Too Much Due Process/Too Few Judges Throughout the Immigration System

By David North on July 23, 2014

The uproar created by the flood of illegals from Central America at the Texas border perhaps can focus our attention on a long-neglected underlying problem – we have too much due process in the immigration system and too few judges (and supporting staff) to handle it.

I am not for eliminating due process in the immigration business, far from it, but there is too much of it generally, and that is accompanied by an unwillingness by the administration to fund the due process it seems to want.

If you are going to give every illegal entrant a court trial, and maybe even provide each illegal with a lawyer and some time before a trained judge – you should be ready to fund that process, as well as the detention camps where you keep the illegals. Obviously, the administration prefers to let the illegals run loose — or even finance their bus trips to the interior – rather than face up to the inherent conflict between too much process and not enough processors.

My point, however, is that this is not a one-time problem. The entire immigration system is shot through with too much process, too many proceedings, and too few decision-makers. Rarely does this reality come to the public's attention and, as a result, we might think about the surge of Central Americans as a blessing in disguise.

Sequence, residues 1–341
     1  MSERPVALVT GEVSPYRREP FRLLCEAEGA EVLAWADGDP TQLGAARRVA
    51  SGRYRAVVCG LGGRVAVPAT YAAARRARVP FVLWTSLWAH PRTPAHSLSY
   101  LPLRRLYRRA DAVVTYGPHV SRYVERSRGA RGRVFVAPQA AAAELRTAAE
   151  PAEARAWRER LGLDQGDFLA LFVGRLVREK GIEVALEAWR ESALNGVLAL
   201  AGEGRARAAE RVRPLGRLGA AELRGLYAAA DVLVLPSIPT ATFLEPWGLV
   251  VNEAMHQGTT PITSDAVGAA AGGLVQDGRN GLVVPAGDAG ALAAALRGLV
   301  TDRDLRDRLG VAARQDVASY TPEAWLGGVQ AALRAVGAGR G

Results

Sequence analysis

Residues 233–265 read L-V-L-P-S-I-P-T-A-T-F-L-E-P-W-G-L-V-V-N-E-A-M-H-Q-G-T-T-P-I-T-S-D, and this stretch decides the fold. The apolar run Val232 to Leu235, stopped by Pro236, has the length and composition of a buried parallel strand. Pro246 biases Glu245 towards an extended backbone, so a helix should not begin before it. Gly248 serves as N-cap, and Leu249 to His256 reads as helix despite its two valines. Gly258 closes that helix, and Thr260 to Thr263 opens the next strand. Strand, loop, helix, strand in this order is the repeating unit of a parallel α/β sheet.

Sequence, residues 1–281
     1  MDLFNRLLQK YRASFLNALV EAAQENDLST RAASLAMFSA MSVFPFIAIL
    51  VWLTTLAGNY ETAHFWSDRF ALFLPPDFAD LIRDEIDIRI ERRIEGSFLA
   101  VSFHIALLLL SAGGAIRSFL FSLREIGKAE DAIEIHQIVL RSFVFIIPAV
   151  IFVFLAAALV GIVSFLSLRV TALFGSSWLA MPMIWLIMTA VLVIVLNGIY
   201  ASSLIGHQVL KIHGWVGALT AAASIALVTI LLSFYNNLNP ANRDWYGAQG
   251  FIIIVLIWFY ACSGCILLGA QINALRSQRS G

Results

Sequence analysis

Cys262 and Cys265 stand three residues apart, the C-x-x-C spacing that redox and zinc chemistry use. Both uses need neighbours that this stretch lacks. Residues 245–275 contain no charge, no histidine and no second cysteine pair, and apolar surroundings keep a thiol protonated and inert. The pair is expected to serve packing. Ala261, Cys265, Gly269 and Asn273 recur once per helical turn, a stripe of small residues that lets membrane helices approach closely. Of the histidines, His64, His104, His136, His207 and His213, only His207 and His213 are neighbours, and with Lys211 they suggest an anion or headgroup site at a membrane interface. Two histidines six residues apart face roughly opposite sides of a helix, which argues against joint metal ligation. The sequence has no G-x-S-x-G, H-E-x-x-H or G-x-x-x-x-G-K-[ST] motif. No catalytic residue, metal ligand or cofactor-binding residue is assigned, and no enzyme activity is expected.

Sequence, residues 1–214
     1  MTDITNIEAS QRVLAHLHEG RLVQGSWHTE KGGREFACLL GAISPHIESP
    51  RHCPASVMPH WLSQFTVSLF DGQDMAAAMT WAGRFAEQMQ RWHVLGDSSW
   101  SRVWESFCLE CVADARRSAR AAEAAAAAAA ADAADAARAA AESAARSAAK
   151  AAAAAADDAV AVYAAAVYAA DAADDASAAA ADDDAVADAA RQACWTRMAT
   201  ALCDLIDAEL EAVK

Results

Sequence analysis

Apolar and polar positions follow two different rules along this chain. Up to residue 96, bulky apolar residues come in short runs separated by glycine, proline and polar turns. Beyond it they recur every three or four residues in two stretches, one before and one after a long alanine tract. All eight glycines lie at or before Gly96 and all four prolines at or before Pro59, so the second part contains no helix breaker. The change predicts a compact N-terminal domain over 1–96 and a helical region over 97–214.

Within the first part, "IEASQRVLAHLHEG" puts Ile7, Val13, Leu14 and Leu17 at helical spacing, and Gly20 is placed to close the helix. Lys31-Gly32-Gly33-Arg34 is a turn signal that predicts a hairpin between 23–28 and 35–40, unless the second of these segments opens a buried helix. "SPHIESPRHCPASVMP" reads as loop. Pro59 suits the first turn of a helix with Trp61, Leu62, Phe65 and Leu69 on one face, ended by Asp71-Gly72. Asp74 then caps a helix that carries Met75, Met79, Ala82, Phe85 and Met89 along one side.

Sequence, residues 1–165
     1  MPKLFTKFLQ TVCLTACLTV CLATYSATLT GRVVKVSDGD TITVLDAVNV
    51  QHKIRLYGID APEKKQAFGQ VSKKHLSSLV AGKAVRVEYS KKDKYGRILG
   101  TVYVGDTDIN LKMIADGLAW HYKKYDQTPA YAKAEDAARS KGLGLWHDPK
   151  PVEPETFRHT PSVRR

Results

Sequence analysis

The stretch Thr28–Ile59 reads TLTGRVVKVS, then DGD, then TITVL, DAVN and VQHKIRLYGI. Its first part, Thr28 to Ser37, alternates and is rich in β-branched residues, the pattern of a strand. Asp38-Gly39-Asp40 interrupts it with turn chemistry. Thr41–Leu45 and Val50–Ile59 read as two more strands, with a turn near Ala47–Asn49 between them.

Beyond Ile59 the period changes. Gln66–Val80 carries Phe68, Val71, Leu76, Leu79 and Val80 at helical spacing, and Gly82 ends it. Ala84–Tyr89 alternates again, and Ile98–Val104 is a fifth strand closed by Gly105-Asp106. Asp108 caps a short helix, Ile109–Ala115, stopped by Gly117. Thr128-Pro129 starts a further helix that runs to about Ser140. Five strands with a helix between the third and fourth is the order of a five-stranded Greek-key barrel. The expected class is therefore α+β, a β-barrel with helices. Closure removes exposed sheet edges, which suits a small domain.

We all know about the inadequate holding facilities at the border, the terribly over-burdened dockets of the immigration judges, and the de facto release of the illegals into the interior.

Let me, for a moment, paint a contrasting portrait of how a middle-sized urban community, my hometown of Arlington, Va., (population 221,000) handles a somewhat comparable legal challenge:

What do you do with the continuing, but highly variable flow, of arrests of wrong-doers throughout the day and night, the weekdays and the weekends? You know, the run-of-the-mill drunks, burglars, and other disturbers of the peace, plus some violent ones?

One possibility is that you let them loose and tell them to come to court on a stated day; that is what the Border Patrol is doing with the Central Americans. But you may lose many of them with that approach.

Another possibility is to stack them up in jail until Monday morning when a judge, working 9-5 hours, could handle them, but you would need a lot of jail space and some of those picked up do not really need to be jailed. Some variation of this system is the norm in many American communities.

Arlington County has adopted a third track (and perhaps many other cities have done so as well – this is not my field). This approach requires foresight, will, and the expenditure of public funds.

Arlington has a magistrate on duty 24 hours a day, seven days a week.

The magistrate handles the arrested as they are brought before him and simply decides if they can be allowed to leave the police station on their own, must be held for a hearing before a District Court judge (who sits in a more formal court that works traditional hours), or treated in some other way. I suspect that there is a lot of paid downtime in this job.